Sheen’s ‘Violent Torpedo Of Truth’ Misfires In Detroit

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A.O. SCOTT:  As it happened, Mr. Sheen and Detroit proved to be a disastrous match. The Fox, a lavishly ornamented, carefully restored 5,000-seat show palace evoking a lost golden age of spectacle, is beautiful, but the scene there was ugly, as a boisterous, liquored-up capacity crowd greeted Mr. Sheen with cheers that quickly turned to boos. The show — a ragged mix of video clips, ear-splitting music, profanity-laced monologues and clumsy attempts to encourage audience participation — did not so much end as collapse. After a little more than an hour Mr. Sheen turned the stage over to a rapper he said would “wake up” the increasingly belligerent spectators, or maybe calm them down. After a Snoop Dogg video, the house lights went up, and though the headliner briefly returned to trade insults with a mostly empty house, the evening clearly had not gone according to plan. If there ever was a plan. You could say that Mr. Sheen and the audience failed each other. The ticket buyers did not show him the “love and gratitude” to which he felt entitled, and he did not give them the kind of entertainment they thought they had paid for. But you could also say that the performer and the audience deserved each other, and that their mutual contempt was its own kind of bond. MORE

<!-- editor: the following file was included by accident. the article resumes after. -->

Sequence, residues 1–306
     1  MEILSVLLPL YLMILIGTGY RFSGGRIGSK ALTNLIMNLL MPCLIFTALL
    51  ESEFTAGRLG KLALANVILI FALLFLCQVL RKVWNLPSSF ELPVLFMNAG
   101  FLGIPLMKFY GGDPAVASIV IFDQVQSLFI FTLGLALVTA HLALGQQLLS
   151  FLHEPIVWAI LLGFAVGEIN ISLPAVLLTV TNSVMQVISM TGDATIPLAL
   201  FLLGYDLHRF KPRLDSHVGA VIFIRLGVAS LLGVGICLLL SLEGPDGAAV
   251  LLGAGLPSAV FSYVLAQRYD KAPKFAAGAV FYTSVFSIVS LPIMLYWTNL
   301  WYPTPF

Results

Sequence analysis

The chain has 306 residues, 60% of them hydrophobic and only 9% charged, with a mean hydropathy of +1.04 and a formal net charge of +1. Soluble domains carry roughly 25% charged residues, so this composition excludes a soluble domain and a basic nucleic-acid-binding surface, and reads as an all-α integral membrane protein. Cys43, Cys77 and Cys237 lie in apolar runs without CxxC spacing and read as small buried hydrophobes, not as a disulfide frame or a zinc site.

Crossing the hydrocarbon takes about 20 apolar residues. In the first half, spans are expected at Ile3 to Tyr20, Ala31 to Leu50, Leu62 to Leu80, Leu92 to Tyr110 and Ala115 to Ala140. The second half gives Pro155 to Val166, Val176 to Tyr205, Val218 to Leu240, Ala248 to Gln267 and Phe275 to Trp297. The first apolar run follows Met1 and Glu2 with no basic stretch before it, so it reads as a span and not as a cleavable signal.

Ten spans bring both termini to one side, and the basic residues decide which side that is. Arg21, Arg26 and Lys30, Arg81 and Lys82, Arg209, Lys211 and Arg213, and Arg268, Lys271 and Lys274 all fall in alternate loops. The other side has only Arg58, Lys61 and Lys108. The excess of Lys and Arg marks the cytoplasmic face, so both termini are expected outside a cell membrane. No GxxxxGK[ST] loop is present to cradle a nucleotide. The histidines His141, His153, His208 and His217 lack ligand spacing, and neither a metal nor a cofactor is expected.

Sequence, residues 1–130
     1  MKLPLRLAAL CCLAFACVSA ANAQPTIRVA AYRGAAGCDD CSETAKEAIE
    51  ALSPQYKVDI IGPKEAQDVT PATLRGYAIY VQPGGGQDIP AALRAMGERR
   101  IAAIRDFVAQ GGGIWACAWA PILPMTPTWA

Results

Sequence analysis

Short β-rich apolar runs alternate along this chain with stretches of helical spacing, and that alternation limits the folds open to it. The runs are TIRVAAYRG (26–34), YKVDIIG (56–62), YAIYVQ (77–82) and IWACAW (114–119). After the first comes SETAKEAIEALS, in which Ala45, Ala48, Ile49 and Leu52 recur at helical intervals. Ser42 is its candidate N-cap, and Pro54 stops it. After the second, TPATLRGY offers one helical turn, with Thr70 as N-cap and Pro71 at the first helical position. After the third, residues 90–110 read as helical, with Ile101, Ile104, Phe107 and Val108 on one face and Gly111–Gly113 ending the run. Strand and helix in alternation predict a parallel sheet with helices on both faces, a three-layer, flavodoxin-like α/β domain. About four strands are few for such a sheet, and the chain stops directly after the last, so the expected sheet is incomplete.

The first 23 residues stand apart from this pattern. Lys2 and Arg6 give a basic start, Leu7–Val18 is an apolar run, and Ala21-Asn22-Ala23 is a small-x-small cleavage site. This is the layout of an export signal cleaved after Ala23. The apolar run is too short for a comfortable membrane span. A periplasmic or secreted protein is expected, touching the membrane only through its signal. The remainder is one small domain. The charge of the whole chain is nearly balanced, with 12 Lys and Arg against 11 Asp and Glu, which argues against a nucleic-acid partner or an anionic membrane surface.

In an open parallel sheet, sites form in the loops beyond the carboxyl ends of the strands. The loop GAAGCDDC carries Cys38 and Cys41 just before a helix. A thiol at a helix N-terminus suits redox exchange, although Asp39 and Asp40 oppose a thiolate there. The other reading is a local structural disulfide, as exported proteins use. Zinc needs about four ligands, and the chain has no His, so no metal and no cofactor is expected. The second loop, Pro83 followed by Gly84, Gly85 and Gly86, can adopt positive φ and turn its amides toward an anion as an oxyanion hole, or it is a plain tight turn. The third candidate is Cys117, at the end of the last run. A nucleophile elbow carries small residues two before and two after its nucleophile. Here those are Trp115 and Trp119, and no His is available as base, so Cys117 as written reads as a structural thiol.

HOLLYWOOD REPORTER: Sheen then asked the audience what they wanted to hear. He shot down someone’s suggestion of AA stories, calling it boring, and promised to talk about crack instead. “I figured Detroit was a good place to tell crack stories,” he quipped. Loud boos and shouts of “You suck!” throughout the disasterous affair eventually caused Sheen to retort, “Already got your f—ing money, dude.” MORE

UPDATE: Sheen took the stage at the Chicago Theatre on Sunday night with a show that featured fewer video clips than his debut and had the actor telling anecdotes from his life (hmm, why do those changes sound familiar?). Plus, Sheen ditched the comedian stand-up act and added a Q&A segment with an interviewer. Despite the fixes, Sheen blamed reaction to the Detroit show not on himself, but on the opening night audience. Sheen reportedly urged the audience “not to become (expletive) Detroit tonight. Let’s show Detroit how it’s (expletive) done.” Some audience members chanted “Detroit sucks.” MORE

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